Thank You Fred and Did You Know That Fred’s Photo is the Label for Ryan and Wood Knockabout Gin?

After getting home from work much later than anticipated last night I raced in, and took a bath and made dinner for my husband simultaneously, and then panicked over not having time enough to prepare my food contribution for GMG’s holiday bash hosted by Fred Bodin. Recalling Joey’s suggestion about giving a gift of Ryan and Wood spirits, I made a quick stop at the liquor store on my way over. I know very little about spirits and decided to do what I often do when purchasing wine, which is to find the prettiest label. The Knockabout Gin looked especially appealing, with a striking schooner in black and white, and crisp blue border. Fred accepted the bottle graciously and I poured some drinks. Later that evening Fred’s girlfriend, Janet, mentioned that she thought I had given him that particular selection because I knew that it was Fred’s photo on the label. No I didn’t know, but there it is–a gorgeous Fred Bodin photo of a Knockabout schooner!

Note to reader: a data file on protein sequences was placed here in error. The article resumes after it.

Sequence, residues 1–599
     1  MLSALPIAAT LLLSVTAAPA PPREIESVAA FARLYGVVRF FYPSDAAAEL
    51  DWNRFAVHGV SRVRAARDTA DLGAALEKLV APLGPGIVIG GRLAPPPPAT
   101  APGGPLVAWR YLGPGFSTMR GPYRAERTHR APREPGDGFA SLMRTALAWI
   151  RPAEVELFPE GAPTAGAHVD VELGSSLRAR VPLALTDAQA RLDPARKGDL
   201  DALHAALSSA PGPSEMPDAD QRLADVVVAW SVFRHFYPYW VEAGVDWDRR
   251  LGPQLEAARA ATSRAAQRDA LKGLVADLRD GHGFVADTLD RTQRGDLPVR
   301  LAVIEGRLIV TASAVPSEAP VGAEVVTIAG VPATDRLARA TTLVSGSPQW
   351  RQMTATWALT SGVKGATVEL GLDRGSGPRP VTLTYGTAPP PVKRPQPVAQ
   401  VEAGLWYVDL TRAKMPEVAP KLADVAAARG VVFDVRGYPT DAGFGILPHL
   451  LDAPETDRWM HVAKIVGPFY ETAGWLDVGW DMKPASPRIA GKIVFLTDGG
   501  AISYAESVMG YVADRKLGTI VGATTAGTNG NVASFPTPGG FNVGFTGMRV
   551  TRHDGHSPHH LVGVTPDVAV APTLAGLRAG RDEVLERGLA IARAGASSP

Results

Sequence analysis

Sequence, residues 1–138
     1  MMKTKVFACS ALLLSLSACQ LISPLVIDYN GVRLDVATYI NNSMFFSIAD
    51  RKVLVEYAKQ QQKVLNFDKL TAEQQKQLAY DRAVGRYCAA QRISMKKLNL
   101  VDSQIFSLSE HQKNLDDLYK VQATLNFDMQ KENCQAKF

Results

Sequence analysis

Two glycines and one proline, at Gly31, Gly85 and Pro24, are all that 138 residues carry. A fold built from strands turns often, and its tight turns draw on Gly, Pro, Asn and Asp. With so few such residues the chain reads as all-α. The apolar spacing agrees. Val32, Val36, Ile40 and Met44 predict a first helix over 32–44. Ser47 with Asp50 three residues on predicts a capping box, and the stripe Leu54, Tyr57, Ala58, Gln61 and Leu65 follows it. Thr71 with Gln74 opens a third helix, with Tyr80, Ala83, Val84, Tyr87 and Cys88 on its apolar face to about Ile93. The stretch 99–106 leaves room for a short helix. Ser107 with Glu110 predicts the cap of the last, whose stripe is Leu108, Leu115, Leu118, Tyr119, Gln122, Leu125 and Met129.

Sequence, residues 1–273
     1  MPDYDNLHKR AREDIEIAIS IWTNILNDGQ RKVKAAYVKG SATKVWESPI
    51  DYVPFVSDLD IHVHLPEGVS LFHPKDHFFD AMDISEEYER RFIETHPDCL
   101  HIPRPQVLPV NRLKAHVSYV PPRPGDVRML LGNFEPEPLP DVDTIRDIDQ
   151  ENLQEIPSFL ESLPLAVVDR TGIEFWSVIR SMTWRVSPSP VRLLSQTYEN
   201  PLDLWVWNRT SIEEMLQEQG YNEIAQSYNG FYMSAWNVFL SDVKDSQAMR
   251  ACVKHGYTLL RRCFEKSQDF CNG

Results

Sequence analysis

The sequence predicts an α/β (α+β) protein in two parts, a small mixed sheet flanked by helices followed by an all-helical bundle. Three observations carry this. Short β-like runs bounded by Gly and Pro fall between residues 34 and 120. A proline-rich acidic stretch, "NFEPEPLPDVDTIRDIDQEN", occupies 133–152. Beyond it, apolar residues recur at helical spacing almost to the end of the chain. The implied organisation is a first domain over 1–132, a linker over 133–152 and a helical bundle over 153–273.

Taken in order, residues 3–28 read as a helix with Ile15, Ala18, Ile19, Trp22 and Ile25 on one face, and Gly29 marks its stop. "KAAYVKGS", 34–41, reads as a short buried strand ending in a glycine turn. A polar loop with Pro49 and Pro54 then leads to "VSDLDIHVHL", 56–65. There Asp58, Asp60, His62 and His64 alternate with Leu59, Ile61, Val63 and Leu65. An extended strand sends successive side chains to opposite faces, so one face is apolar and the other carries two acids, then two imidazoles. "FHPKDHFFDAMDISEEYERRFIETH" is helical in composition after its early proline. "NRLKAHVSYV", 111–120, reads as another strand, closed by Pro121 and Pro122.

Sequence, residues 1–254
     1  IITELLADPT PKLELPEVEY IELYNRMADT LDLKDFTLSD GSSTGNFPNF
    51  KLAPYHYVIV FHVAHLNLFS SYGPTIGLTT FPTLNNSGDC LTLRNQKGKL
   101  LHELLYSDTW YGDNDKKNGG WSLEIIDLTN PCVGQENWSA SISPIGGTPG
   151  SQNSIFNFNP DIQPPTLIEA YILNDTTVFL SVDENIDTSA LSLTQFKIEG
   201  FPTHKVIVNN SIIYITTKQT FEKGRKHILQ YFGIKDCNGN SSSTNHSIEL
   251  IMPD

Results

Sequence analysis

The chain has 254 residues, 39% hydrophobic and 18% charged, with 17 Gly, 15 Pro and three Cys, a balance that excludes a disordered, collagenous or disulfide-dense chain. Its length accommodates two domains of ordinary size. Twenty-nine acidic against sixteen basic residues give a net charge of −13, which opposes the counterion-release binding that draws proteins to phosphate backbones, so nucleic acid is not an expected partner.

Ryan and Wood Knockabout Gin Fred Bodin a label ©Kim Smith 2012 copyFred Bodin’s Knockabout Gin Label of the Schooner Adventure

The party was still going strong when I arrived and it was fantastic to see so many super nice, wonderful FOBS all in one place. Great to meet you Al Bezanson and Sarah Kelly  and to put a face to your exceptional comments and posts!

Many, many thanks to Fred and Janet for hosting a sensational party!!!

Honestly I don’t have much experience from which to draw a comparison but found the Ryan and Wood Knockabout Gin deliciously aromatic and flavorful. According to the Ryan and Wood website, the gin is distilled in small batches in a custom built copper pot still and the list of ingredients include juniper berries, coriander seed, angelica root, orris root, orange peel, and licorice root.

Knockabout Schooners, from the Ryan and Wood website: “Knockabout gin is named to honor the fishing schooners built at the turn of the century. Their design eliminated the bowsprit to allow for easier handling at the crowded wharves. It also helped prevent loss of life at sea due to fishermen being washed off the bowsprit while working the heavy sails in the challenging waters of the North Atlantic.”


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